“My time in UCD was hugely beneficial to everything that came after and really impacted on my career since, both in social work and politics.”
Frances Fitzgerald is first ever senior cabinet minister of Children and Youth Affairs in this country and the only senior cabinet minister in Europe with this portfolio. She is Fine Gael’s most senior female politician and one of two female ministers at cabinet level. She is also a proud graduate of UCD and credits her college years with informing much of what was to follow. She credits the breadth of her undergraduate degree in social studies, which also included economics, history and French, as conferring particular advantage on her subsequent involvements, from her years as a social worker in London and Dublin to her current position at the cabinet table.
Early research and advocacy
Minister Fitzgerald’s area of research while in UCD stands to her to this day, she says. “I looked at the issue of school attendance and the factors leading to student absenteeism. Now, in this ministry, I have responsibility for education welfare. I visit areas of disadvantage now as Minister and what I learned from UCD on the issues involved is invaluable and gives me real insights.”
Frances was not involved in politics at college, and didn’t consider going before the electorate until much later. By her own admission, she had “no political ambition” until she was in her forties and had three children. She was driven, she says, by an interest in equality born during her years as a social worker and an advocate for human rights, and particularly women’s rights.
“I remember coming into the DÃ¡il years ago in my role as chair of the National Women’s Council. I looked down from the gallery and I couldn’t believe how few women were in the chamber. Unfortunately that hasn’t changed much in the meantime, which is why I make no apology for my support for quotas. I’m proud of the fact that this government has introduced a 30 per cent quota in favour of women candidates for the upcoming local elections.”
Through feminism and social action to politics
Frances’ long road to politics started with the National Childbirth Trust in London. She became involved while studying at the London School of Economics and her work there took her on a journey through social work in disadvantaged communities in London and Dublin, through advocacy groups and a serious engagement with feminist literature, to a role in the second Commission on Women, where she chaired the sub-committee on Women and Work. Her growing media presence drew the attention of former Taoiseach Garret FitzGerald, who invited her to run in his constituency on his retirement. After a short campaign, Frances was elected in 1992.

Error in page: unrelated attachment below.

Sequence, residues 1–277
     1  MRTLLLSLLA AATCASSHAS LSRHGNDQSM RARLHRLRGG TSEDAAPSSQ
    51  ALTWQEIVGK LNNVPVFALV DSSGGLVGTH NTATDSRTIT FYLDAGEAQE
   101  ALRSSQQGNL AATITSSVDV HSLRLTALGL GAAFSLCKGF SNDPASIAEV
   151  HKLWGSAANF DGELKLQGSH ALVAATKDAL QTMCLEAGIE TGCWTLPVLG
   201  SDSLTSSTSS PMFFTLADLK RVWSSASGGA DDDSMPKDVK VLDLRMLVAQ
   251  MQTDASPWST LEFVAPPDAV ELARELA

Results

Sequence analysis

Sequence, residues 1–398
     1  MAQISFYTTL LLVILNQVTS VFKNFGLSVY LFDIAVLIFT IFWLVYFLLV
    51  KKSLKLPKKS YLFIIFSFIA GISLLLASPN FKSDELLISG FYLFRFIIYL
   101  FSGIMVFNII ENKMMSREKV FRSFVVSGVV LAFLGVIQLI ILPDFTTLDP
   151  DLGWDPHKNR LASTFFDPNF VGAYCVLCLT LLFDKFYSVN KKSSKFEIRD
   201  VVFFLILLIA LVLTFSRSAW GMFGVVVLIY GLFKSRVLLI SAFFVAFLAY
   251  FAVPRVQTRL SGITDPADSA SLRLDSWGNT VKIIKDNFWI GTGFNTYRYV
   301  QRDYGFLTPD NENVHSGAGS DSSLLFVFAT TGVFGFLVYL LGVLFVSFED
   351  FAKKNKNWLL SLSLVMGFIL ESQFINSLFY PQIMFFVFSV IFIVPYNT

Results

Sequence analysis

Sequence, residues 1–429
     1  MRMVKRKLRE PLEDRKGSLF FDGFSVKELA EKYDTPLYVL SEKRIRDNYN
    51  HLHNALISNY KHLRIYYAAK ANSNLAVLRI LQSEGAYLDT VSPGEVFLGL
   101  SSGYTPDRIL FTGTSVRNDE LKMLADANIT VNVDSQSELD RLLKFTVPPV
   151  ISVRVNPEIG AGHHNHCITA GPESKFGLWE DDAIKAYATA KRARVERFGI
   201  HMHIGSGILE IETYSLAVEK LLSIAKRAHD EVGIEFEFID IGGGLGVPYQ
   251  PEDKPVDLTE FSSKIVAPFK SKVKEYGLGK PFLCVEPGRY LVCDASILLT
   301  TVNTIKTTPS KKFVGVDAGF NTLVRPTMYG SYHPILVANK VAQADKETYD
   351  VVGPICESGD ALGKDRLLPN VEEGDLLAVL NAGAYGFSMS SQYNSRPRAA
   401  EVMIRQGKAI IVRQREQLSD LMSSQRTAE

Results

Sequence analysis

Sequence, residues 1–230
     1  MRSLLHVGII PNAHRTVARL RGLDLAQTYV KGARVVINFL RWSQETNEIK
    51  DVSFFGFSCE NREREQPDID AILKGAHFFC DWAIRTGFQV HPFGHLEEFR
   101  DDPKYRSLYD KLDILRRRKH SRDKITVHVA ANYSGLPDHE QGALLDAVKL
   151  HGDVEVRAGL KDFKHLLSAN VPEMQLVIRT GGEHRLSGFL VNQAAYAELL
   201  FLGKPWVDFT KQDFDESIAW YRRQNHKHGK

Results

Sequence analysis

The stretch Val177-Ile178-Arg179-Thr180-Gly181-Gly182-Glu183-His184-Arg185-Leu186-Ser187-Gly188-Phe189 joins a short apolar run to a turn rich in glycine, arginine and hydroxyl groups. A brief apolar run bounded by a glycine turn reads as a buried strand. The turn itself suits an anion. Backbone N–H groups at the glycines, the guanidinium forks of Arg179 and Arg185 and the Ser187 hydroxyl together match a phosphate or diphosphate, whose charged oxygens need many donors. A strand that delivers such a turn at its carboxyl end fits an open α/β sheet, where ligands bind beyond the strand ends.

Frances is one of only two women in a senior cabinet position and her ministry is the first of its kind in Europe. Ireland was overdue this focus on children and young people, she says.
“We have been shamed on aspects of our handling of child welfare and protection. The motivation behind the establishment of the ministry was to bring the issues to cabinet level: there’s no substitute for that if you want something prioritised. Fortunately we are now working in a very data rich environment. Thanks to the ongoing “Growing Up In Ireland” research we know much more about children in Ireland than we used to, when we were reliant on statistics from Europe or the US.”
Still, she admits it’s not easy to get the budgets required to meet need. “As a society we still need to grasp the importance of early intervention. Fifteen to 20 per cent of our children and young people are still classed as vulnerable. For the remainder of my time in office I really want to focus on that group. Non-completion of education, unemployment, alcohol, smoking, obesity – we have to interrupt these patterns. I have to have a very strong public health voice for young people.”
The Children’s Minister
It’s been a very active ministry so far, culminating last month in the launch of the new Child and Family Agency. This is one of the most significant reforms of this government, that brings together 4,000 staff previously scattered across disparate HSE services under one organisation with a streamlined management structure. Minister Fitzgerald has also steered the Children’s Referendum, the relocation of 16-year-olds from Saint Patrick’s adult prison to Oberstown Youth detention centre and the commencement of new building programme at Oberstown to accommodate 17 year olds in Wheatfield adult facilities.
She is leading a major programme to upskill pre-school carers and has secured additional funding to recruit new inspectors and establish a national mentoring service.
Her office has secured â‚¬30 million in funding for the most deprived communities through the ABC programme focusing on early intervention to support children and families in disadvantaged areas. She has big plans for 2014 with more major announcements in the area of child and youth welfare on the way.
Frances still has fond memories of her early lectures in Earlsfort Terrace before moving to Belfield (“it was bare and in the early days of development then – I can’t get over the campus now,” she says). She played tennis at Leinster level and went to the L&H debates and marvelled at the contributions. Some of her lecturers still stand out as formative influences in her life, such as Helen Burke and Des McCloskey, who, she says “awakened her intellectual curiosity”.
“Perhaps the most valuable thing I learned was to examine the genesis of a social problem, which is very relevant to politics. A big part of my job now is to start with an individual problem brought to me by a member of the public and broaden it out to measure the impact on wider society, a skill I also practised first at university.” She still keeps her lecture notes in the attic, just in case.
Minister Frances Fitzgerald was in conversation with journalist Louise Holden (MEd 2007)